Ibrahim was able to broker a cooperative arrangement amongst three major opposition parties – the left-leaning, mostly Chinese DAP, the Malay Islamist PAS party and his own PKR multi-racial Justice Party - to challenge the BN one-on-one in each contest. The opposition was able to achieve what most said was impossible given the entrenched power of the ruling BN party: it undercut BN support amongst Malays by appealing to their sense of justice and fairness. Malaysia’s race-based system was likely to give way sooner or later, but Ibrahim paved a path for peaceful transition by bringing his credibility as a Malay politician to the table while simultaneously assuring Chinese and Indians that their rights would be respected. He talked Malays into letting go of the fear that had incited communal riots in 1969. It is no small feat to transition peacefully out of entrenched systems of entitlement. One need only review Iraq’s unfortunate history since 2003 for an example of how such a process can be terribly mismanaged.

While the opposition victory is certainly critical for charting a more egalitarian future for Malaysia, it also bodes well for the development of Muslim democracy. The opposition coalition’s orientation brought moderate elements from the Islamist PAS party forward. PAS even fielded a non-Muslim candidate, an unprecedented move in its history. Meanwhile, Badawi sought to leverage racial divide by appealing to Malays through increasingly Islamist rhetoric. His efforts were resoundingly rebuked. The election results demonstrate that the majority Muslim country is interested in exploring a system politics that does not discriminate based on race or religion.

A weakened BN party cannot be entirely attributed to Anwar Ibrahim’s improbable political resurrection. However, he undoubtedly played a critical role in organizing the opposition and reasoning the Malay population through this transition. Political possibilities that were unthinkable last month in Malaysia are now suddenly on the table. Ibrahim refers to this reality as a new dawn for the country. If he is successful in accomplishing his stated goals, most fair-minded observers would have to agree.

Firas Ahmad is an essayist based in Cambridge, MA. His commentary and analysis has appeared in The Economist, The Washington Post and other publications on issues related to national and international politics.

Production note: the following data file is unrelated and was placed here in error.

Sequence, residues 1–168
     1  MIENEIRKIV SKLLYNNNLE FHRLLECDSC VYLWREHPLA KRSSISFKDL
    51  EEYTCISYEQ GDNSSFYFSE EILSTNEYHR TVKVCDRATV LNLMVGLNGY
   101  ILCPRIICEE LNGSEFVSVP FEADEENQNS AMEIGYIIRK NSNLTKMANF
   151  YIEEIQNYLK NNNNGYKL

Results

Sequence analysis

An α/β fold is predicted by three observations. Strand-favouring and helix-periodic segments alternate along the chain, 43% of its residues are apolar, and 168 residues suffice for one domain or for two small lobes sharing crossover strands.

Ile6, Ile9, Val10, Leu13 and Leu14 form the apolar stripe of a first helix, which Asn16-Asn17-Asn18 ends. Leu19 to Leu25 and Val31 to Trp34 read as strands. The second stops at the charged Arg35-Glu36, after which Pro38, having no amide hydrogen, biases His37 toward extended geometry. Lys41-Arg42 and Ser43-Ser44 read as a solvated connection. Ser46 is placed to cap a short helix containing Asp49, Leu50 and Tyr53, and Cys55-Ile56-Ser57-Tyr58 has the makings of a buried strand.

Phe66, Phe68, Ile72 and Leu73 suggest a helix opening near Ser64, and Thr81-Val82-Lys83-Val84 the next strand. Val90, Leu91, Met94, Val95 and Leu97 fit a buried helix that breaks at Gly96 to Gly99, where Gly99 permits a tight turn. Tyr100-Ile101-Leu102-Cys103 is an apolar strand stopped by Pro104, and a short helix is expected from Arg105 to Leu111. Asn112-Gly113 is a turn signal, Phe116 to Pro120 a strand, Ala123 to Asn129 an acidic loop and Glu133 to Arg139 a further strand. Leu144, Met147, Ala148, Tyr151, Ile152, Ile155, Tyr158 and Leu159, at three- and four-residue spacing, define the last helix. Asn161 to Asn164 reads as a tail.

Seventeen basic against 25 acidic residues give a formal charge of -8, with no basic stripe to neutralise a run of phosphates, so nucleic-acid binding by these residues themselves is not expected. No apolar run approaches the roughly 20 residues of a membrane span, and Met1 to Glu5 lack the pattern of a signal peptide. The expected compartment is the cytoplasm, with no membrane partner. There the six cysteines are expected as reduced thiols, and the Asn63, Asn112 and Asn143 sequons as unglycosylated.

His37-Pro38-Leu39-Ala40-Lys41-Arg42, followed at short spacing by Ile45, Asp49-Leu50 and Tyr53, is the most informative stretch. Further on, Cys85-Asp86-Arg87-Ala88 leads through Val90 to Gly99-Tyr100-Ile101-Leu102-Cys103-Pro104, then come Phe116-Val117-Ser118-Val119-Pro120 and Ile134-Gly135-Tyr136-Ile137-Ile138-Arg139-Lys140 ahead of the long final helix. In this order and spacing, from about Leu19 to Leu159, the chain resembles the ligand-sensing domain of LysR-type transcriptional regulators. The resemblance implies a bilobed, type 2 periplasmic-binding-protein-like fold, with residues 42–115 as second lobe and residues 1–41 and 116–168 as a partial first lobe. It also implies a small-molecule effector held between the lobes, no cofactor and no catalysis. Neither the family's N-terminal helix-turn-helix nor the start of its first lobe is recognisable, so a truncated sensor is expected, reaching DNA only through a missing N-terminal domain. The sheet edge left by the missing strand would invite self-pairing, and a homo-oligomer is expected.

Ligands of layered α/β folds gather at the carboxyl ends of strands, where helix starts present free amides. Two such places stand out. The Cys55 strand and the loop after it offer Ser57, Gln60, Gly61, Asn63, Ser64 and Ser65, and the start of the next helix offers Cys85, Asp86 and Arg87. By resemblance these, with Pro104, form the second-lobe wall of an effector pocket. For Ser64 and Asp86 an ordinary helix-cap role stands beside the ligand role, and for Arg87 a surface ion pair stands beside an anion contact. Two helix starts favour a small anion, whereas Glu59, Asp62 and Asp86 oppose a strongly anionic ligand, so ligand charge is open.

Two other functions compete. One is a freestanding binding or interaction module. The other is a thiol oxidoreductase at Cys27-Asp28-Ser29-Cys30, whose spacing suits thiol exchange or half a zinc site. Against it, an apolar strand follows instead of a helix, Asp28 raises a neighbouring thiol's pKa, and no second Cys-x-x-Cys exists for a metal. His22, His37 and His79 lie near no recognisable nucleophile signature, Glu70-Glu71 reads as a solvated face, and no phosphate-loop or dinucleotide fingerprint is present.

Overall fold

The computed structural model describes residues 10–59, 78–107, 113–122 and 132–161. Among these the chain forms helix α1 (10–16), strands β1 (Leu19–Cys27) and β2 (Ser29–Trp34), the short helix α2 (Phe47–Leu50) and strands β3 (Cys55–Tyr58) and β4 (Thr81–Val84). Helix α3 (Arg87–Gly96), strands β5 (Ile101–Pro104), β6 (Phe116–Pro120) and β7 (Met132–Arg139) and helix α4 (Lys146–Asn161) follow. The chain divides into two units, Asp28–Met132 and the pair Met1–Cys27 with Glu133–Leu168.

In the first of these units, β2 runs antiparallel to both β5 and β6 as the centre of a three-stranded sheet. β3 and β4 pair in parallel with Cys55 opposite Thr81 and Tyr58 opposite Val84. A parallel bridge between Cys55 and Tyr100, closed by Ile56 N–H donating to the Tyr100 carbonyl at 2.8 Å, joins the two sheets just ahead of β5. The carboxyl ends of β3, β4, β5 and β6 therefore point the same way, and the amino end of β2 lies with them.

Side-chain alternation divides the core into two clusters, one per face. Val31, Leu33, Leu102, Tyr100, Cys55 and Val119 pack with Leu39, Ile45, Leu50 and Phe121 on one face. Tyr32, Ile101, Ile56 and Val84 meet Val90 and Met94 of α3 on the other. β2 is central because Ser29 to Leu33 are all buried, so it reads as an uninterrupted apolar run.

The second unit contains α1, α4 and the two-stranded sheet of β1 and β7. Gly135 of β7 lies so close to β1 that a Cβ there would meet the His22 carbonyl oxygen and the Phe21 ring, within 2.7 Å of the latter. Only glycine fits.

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Comments (11)

hpy:

Anwar will unite all races in Malaysia against the UMNO racists.The future of Malaysia is hopeless if racism keeps on flourishing.
Ofcourse there will be no more market for them anymore.

ASC-- "A BUMIPUTRA":

HISTORY WILL LOOK BACK AND SAY THAT ANWAR IBRAHIM'S GREATEST CONTRIBUTION TO NATION BUIDING IN MALAYSIA AND GENERALLY IS THAT HE INSTILLED IN THE BROADER COMMUNITY THE NEED TO HAVE POLITICS TO BE ISSUES BASED AND NOT RACIALLY BASED OR RELIGIOUS BASED.

THE GOVERNMENT AND PARLIAMENT SHOULD BE ADDRESSING ISSUES LIKE HOW TO HELP THE NEEDY IRRESPECTIVE OF RACE OR RELIGION OR CREED, PROMOTE BETTER LIVING STANDARDS, EDUCATION, HEALTH,OPPORTUNITIES FOR ALL CITIZENS AND HOW TO ENSURE THAT MALAYSIA IS AT PAR WITH OTHER HIGH PERFORMING COUNTRIES.

NO USE THE GOVERNMENT TELLING US BUMIPUTRAS THAT THEY HAVE PROVIDED OUR CHILDREN UNIVERSITY EDUCATION AT THE EXPENSE OF THE CHINESE AND INDIANS WHEN THE DEGREES GIVEN TO OUR BUMI CHILDREN ARE USELESS BECAUSE THE QUALITY OF EDUCATION IS SO BAD THAT OUR BUMI CHILDREN CANNOT EVEN GET RECOGNISED OR GET JOBS IN SINGAPORE OR LONDON AND MISS OUT ON GLOBALISTION. THE BUMI POLICY HAS TURNED US INTO A "HANDICAPPED" SOCIETY DEPENDENT ON HANDOUTS AND NOT ABLE TO SURVIVE IN THE REAL GLOBAL ECONOMY.

Ramumenon:

The BN functioned with stability because of dominance of its Malay component, UMNO. Elections, while free, were never fair because of the control the ruling government had over the electoral process and the media. This time around, the vote against the BN was significant enough to overcome the advantages the BN had.

After the 2008 March elections, UMNO has been weakened and is likely to face internal pressures, as is becoming evident daily. It's also likely to face challenges from coalition partners representing East Malaysia, who now hold about 40% of the BN coalition seats, but whose members have few of the major portfolios in the Federal cabinet.